Edmund smiled doubtfully but with appreciation for the sentiment.
The rest of the family were already assembled when the two cousins arrived. Mrs. Norton was on hand and immediately made herself known to her nephew. “Well, you must be poor Lydia’s boy. I am your Aunt Norton, and your mother and I were the best of friends as girls. You have something the look of her at your age, though not so blooming, but I fear you more closely resemble your father, and a pity it is. Do you miss him a great deal?”
George, who had paled during the course of this greeting, replied without his customary warmth of manner, “I am afraid I did not know my father very well. He was rarely home. His death was, nevertheless, a terrible blow to my family.”
“Of course it was, my dear,” Mrs. Darcy said soothingly, taking him by the arm and leading him over to the table upon which Mrs. Reynolds was overseeing the arrangement of such a variety of delicacies as to make the hungry boy’s mouth water. He was soon settled with a cup of milk and a heaping plate on a frighteningly elegant sofa beside his male cousins. The girls were settled at a nearby table with their governess, and the adults sat across from the boys. George watched nervously as the others elegantly managed to converse and eat simultaneously. He strived to imitate their ease.
“I trust your journey was uneventful,” Mrs. Norton said to George. “I thought to meet you in Derby but Mr. Norton is suffering from one of his gouty complaints, you know. However, had it been a niece my sister was sending to us, I should not have hesitated to make the journey regardless of Mr. Norton’s gout. I should have thought nothing of the inconvenience to either him or myself, were you a niece. A young man, like yourself, can be trusted not to fall into a scrape on his own. How did you come?”
“I took the mail coach.”
Tom’s eyes widened. “I should like to take a journey by the mail coach. Do tell us: were any of your travelling companions quite detestable?”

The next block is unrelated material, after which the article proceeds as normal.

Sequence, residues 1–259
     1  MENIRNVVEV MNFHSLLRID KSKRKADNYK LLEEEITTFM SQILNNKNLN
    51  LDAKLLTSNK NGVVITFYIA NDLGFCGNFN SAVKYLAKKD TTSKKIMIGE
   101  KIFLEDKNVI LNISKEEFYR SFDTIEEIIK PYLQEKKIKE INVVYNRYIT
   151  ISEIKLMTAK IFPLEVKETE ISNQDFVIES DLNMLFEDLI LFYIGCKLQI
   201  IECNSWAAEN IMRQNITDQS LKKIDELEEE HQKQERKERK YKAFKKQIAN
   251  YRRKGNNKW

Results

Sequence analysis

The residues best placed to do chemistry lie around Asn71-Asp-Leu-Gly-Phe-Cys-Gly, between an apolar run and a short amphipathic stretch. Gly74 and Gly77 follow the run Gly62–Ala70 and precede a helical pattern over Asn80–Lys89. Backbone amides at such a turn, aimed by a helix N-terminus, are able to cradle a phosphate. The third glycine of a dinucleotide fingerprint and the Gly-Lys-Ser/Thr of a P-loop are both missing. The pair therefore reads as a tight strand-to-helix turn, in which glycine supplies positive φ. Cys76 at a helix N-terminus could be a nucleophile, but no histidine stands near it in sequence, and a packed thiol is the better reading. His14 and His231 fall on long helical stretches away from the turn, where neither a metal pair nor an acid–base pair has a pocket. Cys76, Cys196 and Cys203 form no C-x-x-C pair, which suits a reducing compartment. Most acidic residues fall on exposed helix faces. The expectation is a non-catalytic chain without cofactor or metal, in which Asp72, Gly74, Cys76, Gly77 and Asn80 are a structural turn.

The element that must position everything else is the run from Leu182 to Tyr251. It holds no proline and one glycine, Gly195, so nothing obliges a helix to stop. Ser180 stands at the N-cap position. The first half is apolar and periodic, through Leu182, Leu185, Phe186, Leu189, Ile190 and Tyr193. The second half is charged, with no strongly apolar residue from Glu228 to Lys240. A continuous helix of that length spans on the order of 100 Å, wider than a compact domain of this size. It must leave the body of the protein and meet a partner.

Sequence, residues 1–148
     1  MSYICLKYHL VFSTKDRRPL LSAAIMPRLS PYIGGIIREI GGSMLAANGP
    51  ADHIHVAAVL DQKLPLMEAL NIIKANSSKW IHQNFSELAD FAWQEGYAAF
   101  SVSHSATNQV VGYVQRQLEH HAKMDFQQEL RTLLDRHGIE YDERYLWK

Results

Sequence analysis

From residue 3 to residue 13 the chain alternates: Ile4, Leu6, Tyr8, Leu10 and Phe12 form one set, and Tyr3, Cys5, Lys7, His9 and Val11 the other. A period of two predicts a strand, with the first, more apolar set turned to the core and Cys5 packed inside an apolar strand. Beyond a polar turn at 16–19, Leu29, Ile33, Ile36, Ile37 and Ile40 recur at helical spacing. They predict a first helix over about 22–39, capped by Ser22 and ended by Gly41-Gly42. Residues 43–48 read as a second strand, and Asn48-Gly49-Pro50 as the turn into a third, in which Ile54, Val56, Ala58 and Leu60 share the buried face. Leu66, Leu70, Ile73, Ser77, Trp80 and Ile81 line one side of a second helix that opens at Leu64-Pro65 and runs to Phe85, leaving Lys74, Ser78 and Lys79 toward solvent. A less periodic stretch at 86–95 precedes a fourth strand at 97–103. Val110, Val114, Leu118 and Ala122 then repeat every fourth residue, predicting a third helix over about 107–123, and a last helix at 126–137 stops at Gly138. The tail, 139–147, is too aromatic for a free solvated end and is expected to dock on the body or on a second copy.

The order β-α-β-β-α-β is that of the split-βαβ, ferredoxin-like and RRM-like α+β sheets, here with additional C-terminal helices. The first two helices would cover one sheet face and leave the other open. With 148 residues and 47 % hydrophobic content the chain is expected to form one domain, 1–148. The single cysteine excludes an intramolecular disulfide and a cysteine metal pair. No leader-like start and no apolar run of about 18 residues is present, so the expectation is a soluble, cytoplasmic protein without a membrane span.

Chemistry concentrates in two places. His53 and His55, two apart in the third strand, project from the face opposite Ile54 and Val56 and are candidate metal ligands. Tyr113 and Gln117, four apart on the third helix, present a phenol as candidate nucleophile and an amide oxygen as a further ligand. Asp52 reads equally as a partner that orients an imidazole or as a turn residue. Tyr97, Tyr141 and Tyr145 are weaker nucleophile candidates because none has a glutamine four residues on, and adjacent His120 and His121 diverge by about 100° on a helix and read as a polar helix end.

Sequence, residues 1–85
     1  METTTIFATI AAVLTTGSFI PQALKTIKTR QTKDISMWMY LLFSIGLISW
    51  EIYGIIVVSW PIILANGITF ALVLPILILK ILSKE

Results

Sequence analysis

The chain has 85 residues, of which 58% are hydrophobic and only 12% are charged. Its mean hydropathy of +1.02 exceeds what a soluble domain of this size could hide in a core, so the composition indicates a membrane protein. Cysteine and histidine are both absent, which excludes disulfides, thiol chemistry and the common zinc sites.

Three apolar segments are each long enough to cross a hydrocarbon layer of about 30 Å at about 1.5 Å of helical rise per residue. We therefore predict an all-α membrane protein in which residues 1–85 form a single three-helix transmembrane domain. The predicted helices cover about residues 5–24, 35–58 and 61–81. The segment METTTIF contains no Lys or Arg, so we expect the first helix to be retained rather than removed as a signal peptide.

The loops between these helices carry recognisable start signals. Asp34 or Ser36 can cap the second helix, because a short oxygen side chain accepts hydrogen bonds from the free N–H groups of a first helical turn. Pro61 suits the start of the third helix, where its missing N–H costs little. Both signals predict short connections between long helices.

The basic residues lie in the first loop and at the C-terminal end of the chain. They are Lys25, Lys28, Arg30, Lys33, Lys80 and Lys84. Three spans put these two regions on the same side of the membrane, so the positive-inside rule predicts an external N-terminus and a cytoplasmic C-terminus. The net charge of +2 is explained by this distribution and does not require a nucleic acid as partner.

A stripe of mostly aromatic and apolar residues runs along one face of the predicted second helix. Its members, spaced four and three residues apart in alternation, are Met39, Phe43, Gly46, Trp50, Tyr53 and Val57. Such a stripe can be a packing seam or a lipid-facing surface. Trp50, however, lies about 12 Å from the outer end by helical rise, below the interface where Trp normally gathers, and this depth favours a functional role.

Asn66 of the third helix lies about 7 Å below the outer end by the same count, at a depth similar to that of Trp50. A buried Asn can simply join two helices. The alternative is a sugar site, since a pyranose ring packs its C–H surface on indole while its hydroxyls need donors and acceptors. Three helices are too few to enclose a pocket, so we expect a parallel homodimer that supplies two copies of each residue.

“There was an old farmer who ate onions throughout,” George replied with a smile.
Tom shuddered dramatically. “Oh the horror!”
The two boys laughed, but Edmund could not share their mirth and frowned. “Perhaps he has some ailment for which they serve a medicinal purpose. It is unkind to mock him for it.”
“Edmund is destined for the church, you see, and has already assumed the gravity of a rector at his tender age,” Tom informed George in a false whisper.
“Tom,” Mrs. Darcy said warningly.
“Yes, Mama,” he easily replied. “I shall try to be kind, though it is a trial. I want to hear more about the mail, Cousin George. If you can manage to travel on it and come to no harm, I do not see why I cannot be trusted to do so when I go to school.”
“Because you have the benefit of a private coach and can be there in a fraction of the time,” his father explained.
“And with a fraction of the adventure,” Tom countered.
“I suspect adventure sounds much better in books and fairytales than the reality should prove,” Edmund said.
“Very true,” Mrs. Norton nodded. “There is nothing like staying at home for real comfort.”
“I have found that some degree of adventure will inevitably befall us all in life. One need not court it,” Mrs. Darcy offered, hoping to ease her eldest’s disappointment.
“This has been an adventure,” George confessed. “Not the journey, so much, though there was much to see, but being here, amongst you all. Pemberley is even more grand than my parents suggested. My father spoke of it very fondly.”
While Mr. Darcy shifted uncomfortably, Mrs. Darcy said, “There is a miniature of your father as a young man that you would like to see, I am sure. If you boys are done, you may take your cousin to your grandfather’s room and show it to him.”
George could have eaten more, and he suspected so could his cousins, but the two instantly rose and bowed so he followed in kind. The little girls were likewise soon dismissed.
“This is not a very promising beginning,” Mrs. Norton commented once the adults were alone. “I thought he would have behaved better. He must know his father was unwelcome here. To purposefully bring him into the conversation! I had not expected him to be so bad.”
“It was you who first brought him up, Mrs. Norton,” Mr. Darcy reminded.
“So I did, for someone had to offer condolences. He is still in mourning! It that not enough of a reminder of his father to inflict upon you, my dear Mr. Darcy?”
“You are ungenerous, Kitty.”
“I am sure I do not mean to be. I hope this budding friendship between him and Tom does not lead to trouble.”
“Why ever should it?” Mr. Darcy questioned. “Tom is a steady lad, or at least as steady as one can expect a thirteen year old to be. He will be a positive influence on young Wickham.”
“Edmund is far steadier and a full two years younger,” Mrs. Darcy said.
Mr. Darcy frowned. “Yes, but Edmund is not a typical young man. I worry about him. When last did you hear him laugh? Tom is right to try and shake him out of his sober mood, though I cannot always approve of his methods.”
“I imagine you were just such a serious youngster,” Mrs. Darcy retorted with a sparkle in her eye. “How would you have felt if an elder sibling had been around to forever tease you on the matter?”
“I had my cousin, Richard.”
“But he was not always at hand.”
“Perhaps I would have learned to laugh more if he were.”
“Perhaps,” she conceded and sipped her tea to hide her amusement.
Come back tomorrow to read Part Three!